Updated October 13, 2020
- What is COVID-19?
- COVID-19 (also known as SARS-CoV-2) is an infectious disease caused by a newly discovered coronavirus. COVID-19 is primarily spread from person to person and can cause mild to severe respiratory illness. (Source)
- What are the symptoms of COVID-19?
- People with COVID-19 have had a wide range of symptoms, from mild symptoms to severe illness. Symptoms typically appear within 2–14 days of exposure, though some people may never develop symptoms (also known as “asymptomatic”).
These symptoms include:
- - Fever or chills
- - Cough
- - Shortness of breath or difficulty breathing
- - Fatigue
- - Muscle or body aches
- - Headache
- - New loss of taste or smell
- - Sore throat
- - Congestion or runny nose
- - Nausea or vomiting
- - Diarrhea
The CDC recommends that you seek medical attention immediately if any of your symptoms are severe or if you have trouble breathing, persistent pain or pressure in the chest, new confusion or inability to arouse, and/or bluish lips or face. (Source)
- How does COVID-19 spread?
- COVID-19 is primarily spread from person to person. People who are in close contact (closer than 6 feet) can spread the virus. When an infected person coughs, sneezes, or talks, respiratory droplets containing the virus may be inhaled by people nearby. (Source)
- Who is most at risk for developing severe symptoms of COVID-19?
- Anyone can get infected by the virus, but older adults and people with underlying medical conditions (such as asthma or diabetes) are more vulnerable to developing severe symptoms. Click here for more information from the Centers of Disease Control and Prevention (CDC).
- What should I do if I feel sick or have symptoms?
- If you feel sick or have symptoms of COVID-19, contact your health care provider before seeking care so they can advise next steps. If any of your symptoms are severe or if you have trouble breathing, persistent pain or pressure in the chest, new confusion or inability to arouse, and/or bluish lips or face, seek medical attention immediately. (Source)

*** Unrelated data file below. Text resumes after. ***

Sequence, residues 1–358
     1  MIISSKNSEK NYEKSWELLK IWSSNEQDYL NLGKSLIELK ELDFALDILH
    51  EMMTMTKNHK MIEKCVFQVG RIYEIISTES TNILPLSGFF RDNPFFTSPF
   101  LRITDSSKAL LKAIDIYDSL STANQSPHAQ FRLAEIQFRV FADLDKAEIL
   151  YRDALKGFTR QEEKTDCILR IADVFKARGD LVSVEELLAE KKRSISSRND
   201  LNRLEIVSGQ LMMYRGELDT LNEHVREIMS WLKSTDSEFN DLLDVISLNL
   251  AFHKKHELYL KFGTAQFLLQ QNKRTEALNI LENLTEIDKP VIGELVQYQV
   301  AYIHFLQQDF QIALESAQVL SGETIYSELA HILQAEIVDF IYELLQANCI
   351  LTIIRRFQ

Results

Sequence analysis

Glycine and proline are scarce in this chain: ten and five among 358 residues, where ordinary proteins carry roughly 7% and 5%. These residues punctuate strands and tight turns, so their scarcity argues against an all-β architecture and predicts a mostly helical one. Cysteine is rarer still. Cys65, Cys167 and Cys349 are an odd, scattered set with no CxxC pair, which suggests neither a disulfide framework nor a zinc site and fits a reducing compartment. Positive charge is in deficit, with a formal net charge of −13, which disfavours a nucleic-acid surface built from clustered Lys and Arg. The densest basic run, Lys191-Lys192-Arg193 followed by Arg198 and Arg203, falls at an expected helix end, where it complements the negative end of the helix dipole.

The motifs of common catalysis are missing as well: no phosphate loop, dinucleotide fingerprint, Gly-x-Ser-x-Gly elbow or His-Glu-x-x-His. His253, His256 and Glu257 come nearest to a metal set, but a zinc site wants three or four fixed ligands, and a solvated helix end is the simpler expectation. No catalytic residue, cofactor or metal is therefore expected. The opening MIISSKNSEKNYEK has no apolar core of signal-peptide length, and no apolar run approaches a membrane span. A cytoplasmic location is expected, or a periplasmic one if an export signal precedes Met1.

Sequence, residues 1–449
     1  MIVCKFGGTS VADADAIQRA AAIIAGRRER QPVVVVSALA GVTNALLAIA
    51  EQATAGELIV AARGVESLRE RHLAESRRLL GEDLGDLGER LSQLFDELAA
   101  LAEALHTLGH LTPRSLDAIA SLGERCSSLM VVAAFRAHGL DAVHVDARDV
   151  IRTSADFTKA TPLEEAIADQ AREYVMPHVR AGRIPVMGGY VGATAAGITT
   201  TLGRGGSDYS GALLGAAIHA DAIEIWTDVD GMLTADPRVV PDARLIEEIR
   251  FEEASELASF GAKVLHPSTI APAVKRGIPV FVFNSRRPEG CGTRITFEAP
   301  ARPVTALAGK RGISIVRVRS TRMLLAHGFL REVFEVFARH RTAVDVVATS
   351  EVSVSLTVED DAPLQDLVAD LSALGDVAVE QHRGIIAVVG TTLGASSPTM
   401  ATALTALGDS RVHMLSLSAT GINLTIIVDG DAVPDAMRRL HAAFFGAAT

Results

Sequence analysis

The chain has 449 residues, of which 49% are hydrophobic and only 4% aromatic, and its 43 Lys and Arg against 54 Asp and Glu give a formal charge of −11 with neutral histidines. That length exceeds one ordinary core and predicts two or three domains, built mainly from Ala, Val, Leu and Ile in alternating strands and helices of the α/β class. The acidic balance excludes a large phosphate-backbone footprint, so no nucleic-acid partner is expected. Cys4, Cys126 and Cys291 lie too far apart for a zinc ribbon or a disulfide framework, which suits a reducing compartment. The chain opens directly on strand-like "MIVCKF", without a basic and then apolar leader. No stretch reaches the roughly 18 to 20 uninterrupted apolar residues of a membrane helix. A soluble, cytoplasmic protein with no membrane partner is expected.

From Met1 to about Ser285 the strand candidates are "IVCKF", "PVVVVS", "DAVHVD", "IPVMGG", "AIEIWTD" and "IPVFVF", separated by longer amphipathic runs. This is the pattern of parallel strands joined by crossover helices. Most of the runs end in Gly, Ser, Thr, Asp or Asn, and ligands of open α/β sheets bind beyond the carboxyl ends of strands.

- What can someone do to reduce their risk of infection?
- The best way to prevent illness and to stop the spread of COVID-19 is to avoid being exposed to the virus. The California Department of Public Health (CDPH) recommends that everyone:
- - Stay at least 6 feet away from others.
- - Cover the nose and mouth with a cloth face covering or mask when around other people.
- - Wash their hands often with soap and water for at least 20 seconds.
- - Cover coughs or sneezes with a tissue or the elbow and wash hands afterwards.
- - Avoid close contact with people who are sick.
- - Clean and disinfect frequently touched surfaces daily.
- What types of face coverings offer the best protection?
- The CDC advises the use of simple cloth face coverings to slow the spread of the virus by preventing those who may have the virus and do not know it from transmitting it to others.
Cloth face coverings do not offer the same level of filtration as surgical masks or N95 respirators. The best protection against the virus is the use of a face covering in conjunction with physical distancing and hand washing. (Source)
In the case of a wildfire smoke event, N95 respirators or an equivalent NIOSH-approved respirator should be provided by the employer when the air quality is unhealthy. Read more about the California wildfire smoke exposure regulation and strategies for addressing N95 shortages during a wildfire smoke event.